The Spanish Supreme Court has set an important precedent for HIV criminalisation cases, making it clear that it is not solely up to the defendant to prove that they disclosed their HIV-positive status, as other factors can inform a court’s judgement about whether or not a complainant knew the accused was HIV-positive. The ruling should also make it more difficult for people to pursue vexatious or ‘revenge’ cases against ex-partners.
As outlined in a (Spanish-language) analysis by Professor Miguel Angel Ramiro Avilés, Legal Clinic Coordinator at the University of Alcalá, this decision is an important step forward in the construction of a rights-based HIV response in Spain, permitting a defence based on the principle of dubio pro reo, and the constitutional guarantee of the presumption of innocence.
However, in his conclusion he notes:
Finally, at no time during the proceedings before the Court was the relationship of causality questioned, and an attempt was made to carry out a phylogenetic analysis; nor was the question of [the defendant’s] viral load raised before the Court. This is a step in a long road ahead.
However, informed consent (usually obtained by proving prior disclosure of known HIV-positive status by the accused to the complainant) can be a defence, as is the case in most jurisdictions using general criminal laws, and so cases hinge on whether or not a complainant was aware of an accused’s HIV-positive status before sex occurred and consented to the risk of ‘harm’.
The March 2020 Supreme Court decision relates to the case of a woman who began a romantic relationship with the defendant in 2012, living with him for approximately 18 months. She was diagnosed HIV-positive in September 2013. Police were called to their home in June 2014 following an argument. They separated approximately three months later.
Following the separation, the woman complained to the police based on her belief that she had acquired HIV from her ex-partner. The police filed an assault charge using Article 149.1 of the Spanish Penal Code: causing aggravated injury. The charge was based on her assertion that if she had known her partner had been living with HIV, she would not have had condomless sex with him.
After an initial ‘not guilty’ verdict at the Provincial Court of Madrid (due to the complainant’s inconsistent testimony), the case was elevated to the Supreme Court. Like the Provincial Court, the Supreme Court did not consider evidence relating to whether or not the man had actually transmitted HIV to the woman (considering neither viral load nor phylogenetic analysis), accepting the assertion of HIV transmission at face value. Instead, the case hinged on the credibility of the woman’s testimony and associated evidence, as considered through a lens of dubio pro reo, (‘in cases of doubt, then for the accused’; i.e. innocent until proven guilty.)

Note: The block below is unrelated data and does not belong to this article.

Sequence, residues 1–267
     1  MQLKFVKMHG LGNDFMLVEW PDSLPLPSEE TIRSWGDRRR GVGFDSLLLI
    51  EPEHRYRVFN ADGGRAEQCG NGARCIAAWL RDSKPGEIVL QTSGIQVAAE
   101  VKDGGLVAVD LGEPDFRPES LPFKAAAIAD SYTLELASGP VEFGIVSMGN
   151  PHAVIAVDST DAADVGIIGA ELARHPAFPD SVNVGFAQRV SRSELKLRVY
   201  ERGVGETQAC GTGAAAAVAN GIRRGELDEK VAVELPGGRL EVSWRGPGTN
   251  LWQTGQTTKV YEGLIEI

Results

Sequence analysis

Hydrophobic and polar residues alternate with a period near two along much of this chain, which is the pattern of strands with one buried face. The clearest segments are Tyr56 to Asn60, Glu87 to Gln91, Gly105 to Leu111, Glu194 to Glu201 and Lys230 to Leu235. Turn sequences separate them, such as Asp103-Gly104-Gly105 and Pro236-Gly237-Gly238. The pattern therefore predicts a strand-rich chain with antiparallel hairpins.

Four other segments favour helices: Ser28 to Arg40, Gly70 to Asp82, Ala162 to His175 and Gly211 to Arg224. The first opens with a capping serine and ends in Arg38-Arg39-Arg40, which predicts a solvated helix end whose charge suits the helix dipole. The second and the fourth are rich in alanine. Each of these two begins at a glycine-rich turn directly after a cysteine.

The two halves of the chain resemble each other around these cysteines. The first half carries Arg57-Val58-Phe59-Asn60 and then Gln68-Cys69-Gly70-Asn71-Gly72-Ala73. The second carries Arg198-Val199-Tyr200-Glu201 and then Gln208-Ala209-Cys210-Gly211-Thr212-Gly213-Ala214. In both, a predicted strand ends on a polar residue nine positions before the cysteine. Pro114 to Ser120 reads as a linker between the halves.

The woman testified that she had specifically asked her ex-partner whether he had HIV and he had denied it, so she did not know he was HIV-positive.
The court, however, was not convinced that she was unaware of his HIV-positive status for a number of reasons. She testified that she had used cocaine and hashish with him, which suggested to the Court that she knew he engaged in ‘high risk’ activities associated with HIV transmission. A former friend testified that ‘the entire neighbourhood knew’ that the accused had HIV, so he could not understand how the woman would not have known. The accused’s sister had also warned the woman to ‘protect herself’ and ‘take measures’: the sister said she was sure that the woman had understood her meaning given the context of their conversation.
Medical evidence showed that during the relationship the defendant had visible lesions on his penis, which worsened during and after sex, which the Court found the woman must have seen and understood to be evidence of a sexually transmitted infection.
Further, the court took a dim view of the fact that she reported her partner only after their separation, making no mention of the issue after her diagnosis or when police attended their home months earlier.
Points of law
The Court considered several points of law, including how to evaluate the available evidence. The judgement outlines that, generally, criminal law is not an appropriate tool where a person understands the risk; has as much control of the risk as the other party; consents to the act causing injury; and is injured as a result. These factors are comparable to a person deciding to have condomless sex with a partner they know has HIV, knowing that doing so can transmit HIV, with HIV transmission resulting.
Consequently, the Court found that instead of needing to focus legal analysis on the ‘presumption of innocence’ in relation to the accused, the appropriate principle to be tested was dubio pro reo, which tests whether ‘a credible doubt arises as to the veracity of the assertion of facts’. This principle means that, if ambiguity is found, the matter should be resolved in favour of the more lenient finding.
Ultimately, the court dismissed the charges of aggravated injury as the court found there was “a reasonable doubt as to the ignorance of the woman about the health status” of her ex-partner. The decision suggests that the woman could have deduced or may have known her partner had HIV.